University of Washington Ethnomusicology Archives
Since 1963 the University of Washington Ethnomusicology Archives has collected ethnographic data in the form of field recordings, live concert recordings, films and videos of a variety of musical events, and musical instruments. The collection of nearly 10,000 tapes and discs is available for listening; depending on deposit agreements, copies of some materials may be obtained by researchers.
Students are particularly encouraged to utilize archival materials to assist with class projects and help prepare for their own field work. The Archives employs several students each year and works informally with most ethnomusicology students as they begin to consider recording format options, equipment purchase, the practical problems of documentation in the field, and other issues related to their research. Students and other researchers are invited to deposit their field collections in the Archives, which offers secure storage and computer catalog access to all materials.
For more information, contact Laurel Sercombe, Archivist, (206) 543-0974; e-mail email@example.com.
• To support the instructional and research mission of the University of Washington and the Ethnomusicology Program.
• To apply professional sound archiving standards to the performance of the archival tasks of collection,
documentation, access, and preservation.
• To provide archival services to a worldwide clientele of students and researchers.
• To safeguard the musical heritage embodied in the Archives’ recorded collections.
• To encourage responsible ethnomusicological field research and appropriate documentation, storage, and
preservation of resulting research materials.
• To balance the need for open, unrestricted access to research
materials with the need to restrict access due to privacy concerns or
• The University of Washington Ethnomusicology Archives
collects ethnographic documentation of all kinds, with particular
emphasis on sound recordings in all formats, film, and video. The
Archives accepts collections on a deposit or gift basis and does not
• As part of the Ethnomusicology Division of the School of Music,
the Archives primarily serves the students and faculty of the Division.
Students are expected to deposit their field recordings and other
documentation to the Archives upon completion of the Ph.D, along with a
copy of their dissertation. Faculty members in the Division and other
UW researchers are the other major source of recorded collections.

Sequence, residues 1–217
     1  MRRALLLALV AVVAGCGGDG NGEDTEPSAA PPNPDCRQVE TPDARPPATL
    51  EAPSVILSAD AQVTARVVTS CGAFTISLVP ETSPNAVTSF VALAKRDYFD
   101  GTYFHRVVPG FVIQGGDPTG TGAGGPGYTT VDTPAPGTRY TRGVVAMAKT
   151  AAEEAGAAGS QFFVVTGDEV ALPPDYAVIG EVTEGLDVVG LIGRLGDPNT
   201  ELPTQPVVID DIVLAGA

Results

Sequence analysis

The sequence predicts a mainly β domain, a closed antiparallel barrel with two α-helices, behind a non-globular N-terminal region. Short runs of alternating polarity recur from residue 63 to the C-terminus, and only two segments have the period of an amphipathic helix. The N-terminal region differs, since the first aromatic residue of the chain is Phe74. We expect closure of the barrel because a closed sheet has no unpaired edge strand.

Materials of ethnomusicological interest from other sources are also
• A “Contract for Deposit of Materials” is negotiated
between the archivist and the depositor in each case to reflect the
specific requirements of the collection. Depositors are encouraged to
impose as few restrictions as possible or to restrict access only for a
• Collections are generally not solicited by the Archives, but the
deposit of material of local or regional importance is encouraged and
welcomed. Because of its location in the Pacific Northwest, the
Archives has become identified as an appropriate repository for both
historical and contemporary recordings of music of Northwest Coast
people. In housing and preserving such collections, particular
attention is paid to issues of song ownership, appropriate use, and
access by members of Native communities. It is Archives policy to make
copies of these recordings at cost for requesting tribal groups.
• The Ethnomusicology Archives is a closed-stack facility.
Most recordings are available for listening or viewing on-site under
the supervision of Archives staff. Students and teachers, as well as
researchers, are welcome to visit. Because of extreme space limitations
in the Archives, most listening or viewing needs to be scheduled in
• Visitors with a general interest in music of a particular area
or genre are encouraged to consult the Music Library Listening Center
collection (Music Room 19). Many commercial recordings of
ethnomusicological interest are located in the Listening Center, with
access available through the library’s on-line catalog.
• The Ethnomusicology Archives contains non-commercial,
unpublished recordings and accompanying documentation which generally
require some previous knowledge to use effectively. Archives staff are
available to assist visitors find the information they need.
Media Duplication Policy
• Recordings in the Ethnomusicology Archives may in some cases
be available for duplication. Requestors should fill out the
“Media Duplication” request form available from the
Archives (email firstname.lastname@example.org). All requests are to be
authorized by the Archivist and additional permission obtained as
• There is no easy answer to the question, "May I get a copy of
____?" Most collections in the Archives were deposited by field
researchers; their deposit agreements on file in the Archives are the
basis for decisions regarding media duplication. Similarly, for concert
recordings, the formal agreement between the artist(s) and the Archives
must be consulted.
• University of Washington students who study with visiting
artists in the Ethnomusicology Program often perform in concerts with
those artists during their stay. Single copies of those performance
recordings are generally available to the students who performed in
them, unless the visiting artist prohibits such copying; students are
asked to provide their own blank discs or tapes in these cases.
• For most media duplication requests, a fee for blank discs or
tapes plus labor costs is charged; consult the Archivist for current
• Requests to license Archives recordings for publication or broadcast should also be submitted to the Archivist.
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